> F=function(x,r){pmnorm(x,rep(0,length(x)),+                 varcov=matrix(c(1,r,r,1),2,2))}> Fx=function(x1){F(c(x1,1e40),0)}> Fy=function(x2){Fx(x2)}> > logVgen=function(parameter){+ CORRELATION=parameter[1]+ BETA=matrix(parameter[2:length(parameter)],ncol(Y),ncol(X))+ z=cbind(X%*%(BETA[1,]),X%*%(BETA[2,]))+     a11=F(z[1,],r=CORRELATION)+ for(i in 2:nrow(z)){a11=c(a11,F(z[i,],r=CORRELATION))}+     a10=Fx(z[1,1])-F(z[1,],r=CORRELATION)+ for(i in 2:nrow(z)){a10=c(a10,Fx(z[i,1])-F(z[i,],r=CORRELATION))}+     a01=Fy(z[1,2])-F(z[1,],r=CORRELATION)+ for(i in 2:nrow(z)){a01=c(a01,Fy(z[i,2])-F(z[i,],r=CORRELATION))}+     a00=1-a10-a01-a11+ -sum(((Y[,1]==1)&(Y[,2]==1))*log(a11) ++      ((Y[,1]==0)&(Y[,2]==1))*log(a01) ++      ((Y[,1]==1)&(Y[,2]==0))*log(a10) ++      ((Y[,1]==0)&(Y[,2]==0))*log(a00) )+ }>> beta0=c(0,1,1,1,1,1,1)> (OPT=optim(fn=logVgen,par=beta0,method="BFGS")\$par)[1]  0.52613820 -2.45172059  2.24196154  4.90863292 -4.53994592  0.01600769[7]  0.10614807There were 23 warnings (use warnings() to see them)

E.g.

> library(copula)> F=function(x,r){pcopula(pnorm(x),               claytonCopula(2, r))}> Fx=function(x1){F(c(x1,1e40),0)}> Fy=function(x2){Fx(x2)}

An application to school tests

Consider the following dataset,

with here maths versus writing, with girls in red and boys in blue, where variables here are
female :    0: male    1: female  race :    1: hispanic    2: asian    3: african-amer    4: white  ses :    1: low    2: middle    3: high  schtyp : type of school    1: public    2: private  prog : type of program    1: general    2: academic    3: vocation  read : reading score  write : writing score  math : math score  science : science score  socst : social studies score
We can try to understand correlation between math and writing skills.
Covariates can be the sex of the child, and his reading skills. The question will
then be: are good students in maths and writing simply students that

Here the code is simply

> W=hsb2\$write>=50> M=hsb2\$math>=50> base=data.frame(Y1=W,Y2=M,+             X1=hsb2\$female,X2=hsb2\$read)>> library(Zelig)> REG= zelig(list(mu1=Y1~X1+X2,+             mu2=Y2~X1+X2,+     rho=~1),+     model="bprobit",data=base)> summary(REG) Call:zelig(formula = list(mu1 = Y1 ~ X1 + X2, mu2 = Y2 ~ X1 + X2,    rho = ~1), model = "bprobit", data = base) Pearson Residuals:                Min        1Q  Median      3Q    Maxprobit(mu1) -4.7518 -0.502594 0.15038 0.53038 1.8592probit(mu2) -3.4243 -0.653537 0.23673 0.67011 2.6072rhobit(rho) -4.9821  0.010481 0.13500 0.40776 2.9171 Coefficients:                  Value Std. Error  t value(Intercept):1 -5.484711   0.787101 -6.96825(Intercept):2 -4.061384   0.633781 -6.40818(Intercept):3  1.332187   0.322175  4.13497X1:1           1.125924   0.233550  4.82092X1:2           0.167258   0.202498  0.82598X2:1           0.103997   0.014662  7.09286X2:2           0.082739   0.012026  6.88017 Number of linear predictors:  3 Names of linear predictors: probit(mu1), probit(mu2), rhobit(rho) Dispersion Parameter for binom2.rho family:   1 Residual Deviance: 364.51 on 593 degrees of freedom Log-likelihood: -182.255 on 593 degrees of freedom Number of Iterations: 3> (exp(summary(REG)@coef3[3])-1)/(exp(summary(REG)@coef3[3])+1)[1] 0.5824045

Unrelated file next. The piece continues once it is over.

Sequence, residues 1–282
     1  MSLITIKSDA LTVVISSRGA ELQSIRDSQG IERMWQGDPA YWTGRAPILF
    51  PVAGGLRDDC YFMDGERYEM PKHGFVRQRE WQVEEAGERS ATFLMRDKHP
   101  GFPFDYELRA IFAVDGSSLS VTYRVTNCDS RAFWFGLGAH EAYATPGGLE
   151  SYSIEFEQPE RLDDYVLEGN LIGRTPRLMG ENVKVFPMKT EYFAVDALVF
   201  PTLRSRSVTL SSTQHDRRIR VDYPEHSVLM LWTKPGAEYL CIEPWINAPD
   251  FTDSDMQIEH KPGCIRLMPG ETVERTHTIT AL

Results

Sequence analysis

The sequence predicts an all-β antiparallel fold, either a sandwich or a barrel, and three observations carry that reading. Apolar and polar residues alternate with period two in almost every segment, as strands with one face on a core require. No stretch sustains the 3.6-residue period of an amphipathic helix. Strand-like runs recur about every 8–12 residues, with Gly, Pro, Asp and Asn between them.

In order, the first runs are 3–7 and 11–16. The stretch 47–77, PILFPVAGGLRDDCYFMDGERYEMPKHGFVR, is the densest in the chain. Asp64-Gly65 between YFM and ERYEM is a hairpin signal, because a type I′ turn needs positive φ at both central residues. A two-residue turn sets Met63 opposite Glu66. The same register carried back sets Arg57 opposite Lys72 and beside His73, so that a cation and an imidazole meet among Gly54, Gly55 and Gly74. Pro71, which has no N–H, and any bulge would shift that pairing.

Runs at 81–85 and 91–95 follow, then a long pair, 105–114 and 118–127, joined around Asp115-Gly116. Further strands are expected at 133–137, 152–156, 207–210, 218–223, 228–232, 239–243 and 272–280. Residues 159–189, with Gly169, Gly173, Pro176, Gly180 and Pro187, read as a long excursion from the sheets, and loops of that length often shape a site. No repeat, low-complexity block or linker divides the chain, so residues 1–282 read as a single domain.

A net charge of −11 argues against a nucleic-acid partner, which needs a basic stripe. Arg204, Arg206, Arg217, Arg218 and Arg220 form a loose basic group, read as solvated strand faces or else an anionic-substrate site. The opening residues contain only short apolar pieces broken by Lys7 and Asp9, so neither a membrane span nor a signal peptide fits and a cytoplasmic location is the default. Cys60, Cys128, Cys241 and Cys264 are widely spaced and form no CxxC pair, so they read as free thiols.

with a remaining correlation among residuals of 0.58. So with only the
sex of the student, and his or her reading skill, we cannot explain the
correlation between maths and writing skills. With our previous code,
we have here

> beta0=c((exp(summary(REG)@coef3[3])-1)/(exp(summary(REG)@coef3[3])+1),+      summary(REG)@coef3[c(1:2,4:7),1])> beta0              (Intercept):1 (Intercept):2          X1:1          X1:20.58240446   -5.48471133   -4.06138412    1.12592427    0.16725842X2:1          X2:20.10399668    0.08273879> (OPT=optim(fn=logV,par=beta0,method="BFGS")\$par)(Intercept):1 (Intercept):2          X1:1          X1:20.5824045    -5.4847113    -4.0613841     1.1259243     0.1672584X2:1          X2:20.1039967     0.0827388

i.e. we obtain (almost) exactly the same estimators. But here I have
used as starting values for the optimization procedure the estimators
given by R. If we change them, hopefully we have a robust maximum
likelihood estimator,

> (OPT=optim(fn=logV,par=beta0/2,method="BFGS")\$par)              (Intercept):1 (Intercept):2          X1:1          X1:2   0.58233360   -5.49428984   -4.06839571    1.12696594    0.16760347         X2:1          X2:2   0.10417767    0.08287409There were 12 warnings (use warnings() to see them)

So once again, it is possible to optimize numerically a likelihood function, and it works.